The end of the political convention season must have put Senate Minority Leader Mitch McConnell, R-Ky., in a good mood. It got him praising Democrats and complimenting the mainstream media. But it didn’t stop him from criticizing “nutty” environmentalists.
In a briefing with bloggers at the Republican National Convention in
McConnell was asked what the Republican Party could do to satisfy some grassroots activists who are concerned about the environment.
“We’re not unconcerned about the environment, but there are – you take the climate change issue – there are two ways to go at it,” McConnell said. “You can either clamp down our economy or you can develop the technology to deal with the problem. We believe that if climate change is a problem, the way to go after it is with technology.”
“I was amused by the Speaker saying she was out to save the planet,” McConnell said. “I’m all for saving the planet, but let me ask you the following question: In what way do you save the planet by exporting oil and gas production from the most environmentally sensitive, most technologically proficient country in the world to places like
McConnell said that the logical conclusion of bearing down on off-limits oil leases in energy policy would result in job losses.
“Exporting production out of
McConnell addressed the progression of the environmental movement in this regard – wanting to limit energy, specifically offshore drilling, in the name of the environmental movement over the last 10 years.
“I think they’ve just gotten more nutty,” McConnell concluded.
In that same briefing, McConnell talked about how much more balance there is in the media today than under the Fairness Doctrine.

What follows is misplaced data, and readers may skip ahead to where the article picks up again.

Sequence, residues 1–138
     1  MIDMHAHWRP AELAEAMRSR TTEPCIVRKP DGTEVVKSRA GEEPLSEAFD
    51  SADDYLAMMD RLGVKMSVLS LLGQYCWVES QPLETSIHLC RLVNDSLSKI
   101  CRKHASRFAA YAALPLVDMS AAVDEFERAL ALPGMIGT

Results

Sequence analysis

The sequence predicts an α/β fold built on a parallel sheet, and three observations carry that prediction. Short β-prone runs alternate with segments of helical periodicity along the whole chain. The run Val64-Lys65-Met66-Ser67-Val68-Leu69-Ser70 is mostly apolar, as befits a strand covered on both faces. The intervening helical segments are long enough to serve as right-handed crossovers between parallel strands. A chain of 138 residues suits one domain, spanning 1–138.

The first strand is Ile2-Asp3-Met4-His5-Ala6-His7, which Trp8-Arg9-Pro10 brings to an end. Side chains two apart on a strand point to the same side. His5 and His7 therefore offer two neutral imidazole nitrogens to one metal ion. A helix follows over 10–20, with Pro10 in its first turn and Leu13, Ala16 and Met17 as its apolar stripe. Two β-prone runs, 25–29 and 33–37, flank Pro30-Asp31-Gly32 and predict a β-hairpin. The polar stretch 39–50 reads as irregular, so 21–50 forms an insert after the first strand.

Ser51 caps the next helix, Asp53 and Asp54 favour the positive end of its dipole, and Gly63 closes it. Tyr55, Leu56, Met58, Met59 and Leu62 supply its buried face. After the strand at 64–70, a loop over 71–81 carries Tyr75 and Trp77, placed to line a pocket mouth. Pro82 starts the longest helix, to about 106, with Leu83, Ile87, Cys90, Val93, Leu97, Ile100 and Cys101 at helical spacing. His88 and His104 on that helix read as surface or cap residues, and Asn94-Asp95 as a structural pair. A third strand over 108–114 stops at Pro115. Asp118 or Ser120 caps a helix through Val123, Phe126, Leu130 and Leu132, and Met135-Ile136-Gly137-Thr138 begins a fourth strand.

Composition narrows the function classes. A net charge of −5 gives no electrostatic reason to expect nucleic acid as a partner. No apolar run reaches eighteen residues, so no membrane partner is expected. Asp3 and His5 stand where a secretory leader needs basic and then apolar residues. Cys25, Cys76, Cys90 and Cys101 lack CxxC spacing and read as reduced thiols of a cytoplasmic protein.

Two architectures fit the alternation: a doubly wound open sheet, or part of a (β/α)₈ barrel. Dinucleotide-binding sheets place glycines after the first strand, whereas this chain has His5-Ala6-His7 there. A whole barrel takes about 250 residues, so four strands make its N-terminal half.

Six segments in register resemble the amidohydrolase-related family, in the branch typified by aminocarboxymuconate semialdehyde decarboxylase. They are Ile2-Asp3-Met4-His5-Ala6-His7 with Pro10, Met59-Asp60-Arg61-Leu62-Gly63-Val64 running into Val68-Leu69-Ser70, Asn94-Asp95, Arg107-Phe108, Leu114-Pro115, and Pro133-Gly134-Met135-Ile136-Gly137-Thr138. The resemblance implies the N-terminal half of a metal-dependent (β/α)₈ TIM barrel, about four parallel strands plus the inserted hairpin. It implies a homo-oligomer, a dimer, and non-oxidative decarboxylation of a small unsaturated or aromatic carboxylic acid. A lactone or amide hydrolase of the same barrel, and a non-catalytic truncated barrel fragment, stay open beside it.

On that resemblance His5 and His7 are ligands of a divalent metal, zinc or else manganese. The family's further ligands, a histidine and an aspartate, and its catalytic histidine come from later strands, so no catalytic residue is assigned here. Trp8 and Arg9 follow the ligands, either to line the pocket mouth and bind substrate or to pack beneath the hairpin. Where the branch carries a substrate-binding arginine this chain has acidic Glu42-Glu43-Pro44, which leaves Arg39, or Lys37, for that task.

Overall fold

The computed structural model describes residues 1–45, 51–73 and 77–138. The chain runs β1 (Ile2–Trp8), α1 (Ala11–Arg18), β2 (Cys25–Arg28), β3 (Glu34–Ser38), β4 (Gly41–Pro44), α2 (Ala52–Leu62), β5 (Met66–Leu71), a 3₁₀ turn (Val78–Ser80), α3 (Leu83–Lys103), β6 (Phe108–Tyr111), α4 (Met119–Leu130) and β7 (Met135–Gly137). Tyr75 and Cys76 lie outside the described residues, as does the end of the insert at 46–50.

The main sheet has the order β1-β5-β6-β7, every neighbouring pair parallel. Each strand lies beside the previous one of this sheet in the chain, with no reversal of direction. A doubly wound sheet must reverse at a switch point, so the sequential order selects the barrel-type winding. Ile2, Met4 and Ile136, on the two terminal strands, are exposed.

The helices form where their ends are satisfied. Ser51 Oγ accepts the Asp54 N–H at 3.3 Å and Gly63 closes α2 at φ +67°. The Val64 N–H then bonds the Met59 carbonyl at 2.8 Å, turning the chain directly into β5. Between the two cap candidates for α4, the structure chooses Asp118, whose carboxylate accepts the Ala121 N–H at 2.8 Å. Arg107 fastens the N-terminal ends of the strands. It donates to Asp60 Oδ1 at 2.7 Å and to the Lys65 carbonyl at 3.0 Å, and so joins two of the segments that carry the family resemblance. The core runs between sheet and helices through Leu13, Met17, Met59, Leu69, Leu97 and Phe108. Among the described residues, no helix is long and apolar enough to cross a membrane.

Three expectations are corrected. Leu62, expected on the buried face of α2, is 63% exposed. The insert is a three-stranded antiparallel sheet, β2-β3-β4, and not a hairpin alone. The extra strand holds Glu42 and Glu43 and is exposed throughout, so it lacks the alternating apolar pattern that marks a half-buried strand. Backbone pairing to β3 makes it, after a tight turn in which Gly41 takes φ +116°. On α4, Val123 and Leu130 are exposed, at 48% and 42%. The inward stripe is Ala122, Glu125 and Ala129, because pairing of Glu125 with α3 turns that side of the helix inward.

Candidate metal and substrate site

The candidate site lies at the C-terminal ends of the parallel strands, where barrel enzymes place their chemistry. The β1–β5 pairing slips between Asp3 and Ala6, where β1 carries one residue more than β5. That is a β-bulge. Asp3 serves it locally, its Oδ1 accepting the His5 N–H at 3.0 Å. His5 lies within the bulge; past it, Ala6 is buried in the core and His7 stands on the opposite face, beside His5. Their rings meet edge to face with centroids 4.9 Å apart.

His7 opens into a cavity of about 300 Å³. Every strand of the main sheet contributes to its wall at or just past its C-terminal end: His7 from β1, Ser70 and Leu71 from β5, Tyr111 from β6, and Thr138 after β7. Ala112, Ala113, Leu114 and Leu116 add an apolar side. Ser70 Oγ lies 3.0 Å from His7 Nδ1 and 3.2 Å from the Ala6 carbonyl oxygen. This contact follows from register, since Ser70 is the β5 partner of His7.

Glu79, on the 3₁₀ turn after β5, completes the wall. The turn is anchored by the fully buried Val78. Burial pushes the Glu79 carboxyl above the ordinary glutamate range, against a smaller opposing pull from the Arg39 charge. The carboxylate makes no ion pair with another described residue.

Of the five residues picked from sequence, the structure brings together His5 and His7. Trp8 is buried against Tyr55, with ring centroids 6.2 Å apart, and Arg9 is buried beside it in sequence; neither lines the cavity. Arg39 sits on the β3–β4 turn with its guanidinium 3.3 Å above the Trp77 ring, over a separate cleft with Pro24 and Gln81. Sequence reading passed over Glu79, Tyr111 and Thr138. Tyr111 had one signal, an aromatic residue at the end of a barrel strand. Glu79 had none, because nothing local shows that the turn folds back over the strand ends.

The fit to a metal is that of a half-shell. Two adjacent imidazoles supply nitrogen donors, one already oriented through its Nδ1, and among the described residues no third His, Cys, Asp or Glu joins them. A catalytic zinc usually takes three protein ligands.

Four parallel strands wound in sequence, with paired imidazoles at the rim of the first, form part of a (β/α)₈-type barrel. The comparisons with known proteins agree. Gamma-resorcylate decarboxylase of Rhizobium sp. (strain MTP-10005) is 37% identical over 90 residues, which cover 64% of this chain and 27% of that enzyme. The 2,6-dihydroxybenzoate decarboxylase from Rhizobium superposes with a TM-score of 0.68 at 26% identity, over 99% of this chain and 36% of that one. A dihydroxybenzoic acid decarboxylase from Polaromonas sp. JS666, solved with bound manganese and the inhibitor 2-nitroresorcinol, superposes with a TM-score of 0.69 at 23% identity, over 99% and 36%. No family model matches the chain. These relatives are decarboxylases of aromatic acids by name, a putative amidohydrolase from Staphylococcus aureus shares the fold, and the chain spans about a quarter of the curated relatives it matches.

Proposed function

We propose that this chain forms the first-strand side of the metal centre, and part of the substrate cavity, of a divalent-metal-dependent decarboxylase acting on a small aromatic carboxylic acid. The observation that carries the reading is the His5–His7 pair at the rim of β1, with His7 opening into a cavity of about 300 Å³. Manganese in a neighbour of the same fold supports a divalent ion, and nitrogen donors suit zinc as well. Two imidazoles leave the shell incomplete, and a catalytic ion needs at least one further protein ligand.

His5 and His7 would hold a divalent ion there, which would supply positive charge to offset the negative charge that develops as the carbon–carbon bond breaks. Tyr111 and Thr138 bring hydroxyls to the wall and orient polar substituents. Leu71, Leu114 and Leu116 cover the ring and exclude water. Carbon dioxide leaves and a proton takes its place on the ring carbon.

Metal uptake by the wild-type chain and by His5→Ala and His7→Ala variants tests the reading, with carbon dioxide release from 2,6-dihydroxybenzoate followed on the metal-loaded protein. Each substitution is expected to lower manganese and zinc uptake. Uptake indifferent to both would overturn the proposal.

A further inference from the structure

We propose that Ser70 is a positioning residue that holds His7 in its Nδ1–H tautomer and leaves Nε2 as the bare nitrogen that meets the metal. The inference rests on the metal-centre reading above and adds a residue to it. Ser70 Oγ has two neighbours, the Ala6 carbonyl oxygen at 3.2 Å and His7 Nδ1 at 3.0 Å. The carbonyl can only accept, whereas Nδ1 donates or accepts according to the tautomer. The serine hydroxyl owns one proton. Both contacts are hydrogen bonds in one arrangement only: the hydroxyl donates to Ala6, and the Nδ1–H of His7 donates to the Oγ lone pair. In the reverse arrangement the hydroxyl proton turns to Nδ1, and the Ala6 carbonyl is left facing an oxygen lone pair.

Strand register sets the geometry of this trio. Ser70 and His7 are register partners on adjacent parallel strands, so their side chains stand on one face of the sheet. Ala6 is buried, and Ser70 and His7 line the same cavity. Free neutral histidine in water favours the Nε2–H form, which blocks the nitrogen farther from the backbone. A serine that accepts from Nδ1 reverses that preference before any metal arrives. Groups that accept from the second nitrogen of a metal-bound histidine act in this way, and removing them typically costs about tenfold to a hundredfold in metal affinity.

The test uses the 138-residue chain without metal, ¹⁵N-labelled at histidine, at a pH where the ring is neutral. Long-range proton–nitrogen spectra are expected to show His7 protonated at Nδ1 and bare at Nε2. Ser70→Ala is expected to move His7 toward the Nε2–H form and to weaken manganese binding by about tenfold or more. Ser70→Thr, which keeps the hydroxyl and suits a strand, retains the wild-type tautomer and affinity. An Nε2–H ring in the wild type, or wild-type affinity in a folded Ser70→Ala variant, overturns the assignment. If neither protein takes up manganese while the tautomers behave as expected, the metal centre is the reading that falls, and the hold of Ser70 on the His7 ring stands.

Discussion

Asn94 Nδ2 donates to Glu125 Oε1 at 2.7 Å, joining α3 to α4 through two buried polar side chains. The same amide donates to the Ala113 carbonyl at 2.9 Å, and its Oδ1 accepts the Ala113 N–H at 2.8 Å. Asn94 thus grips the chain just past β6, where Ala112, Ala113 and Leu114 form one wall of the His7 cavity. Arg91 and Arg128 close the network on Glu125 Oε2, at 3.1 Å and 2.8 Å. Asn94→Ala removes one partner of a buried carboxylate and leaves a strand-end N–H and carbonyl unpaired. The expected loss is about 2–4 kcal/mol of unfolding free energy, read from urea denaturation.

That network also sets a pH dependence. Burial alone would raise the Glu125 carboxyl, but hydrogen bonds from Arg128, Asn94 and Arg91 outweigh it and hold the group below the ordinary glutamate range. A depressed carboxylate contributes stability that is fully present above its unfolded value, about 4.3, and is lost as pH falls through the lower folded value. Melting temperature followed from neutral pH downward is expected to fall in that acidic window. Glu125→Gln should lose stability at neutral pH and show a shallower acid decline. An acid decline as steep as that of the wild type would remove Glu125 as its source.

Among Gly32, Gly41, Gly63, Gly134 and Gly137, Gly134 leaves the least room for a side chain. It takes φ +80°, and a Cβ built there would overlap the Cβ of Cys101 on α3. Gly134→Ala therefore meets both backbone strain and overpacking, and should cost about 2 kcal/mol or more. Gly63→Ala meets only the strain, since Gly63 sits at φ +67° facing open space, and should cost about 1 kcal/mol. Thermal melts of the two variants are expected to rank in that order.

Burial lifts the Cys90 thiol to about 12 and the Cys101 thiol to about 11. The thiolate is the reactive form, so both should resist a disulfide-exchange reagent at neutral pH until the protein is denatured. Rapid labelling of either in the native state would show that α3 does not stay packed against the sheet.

“Actually, it’s better than it used to be,” McConnell said. “When I was in my 20s, you had the National Review. That was about it. No talk radio, no conservative newspapers of any consequence, no nothing. Everything was on the left. Now, as a result of getting rid of the Fairness Doctrine, we have vital, vibrant discussion on radio.”
McConnell credited conservative radio talk show host Rush Limbaugh and the growth of talk radio for changing the media for the better as a whole.
“The Rush Limbaugh phenomenon – which has had a number of kind of clones out there that have been helpful,” he said. “The advent of Fox News, which in my view is the only channel that’s really objective and really presents both sides – that’s all better than it used to be. And The Wall Street Journal editorial page, of course, is absolutely essential.”
And McConnell said the conservative voices have helped improve other media as well. “Yeah, it’s still tilted to the left,” he said, “but it used to be a whole lot worse.”
McConnell also offered praise for Connecticut Sen. Joe Lieberman, an Independent. Lieberman spoke at the Republican National Convention on September 3 . When asked if he would welcome Lieberman to the Republican Party, McConnell said “certainly.”
“Well with regard to Lieberman, we certainly would welcome him,” McConnell said. “He would be out of sync with most of our members on domestic issues, but frankly we have some other members who are and he’s very solid – he’s really the last Scoop Jackson Democrat – the last democrat who really believes in a strong national defense and standing up to terrorism.”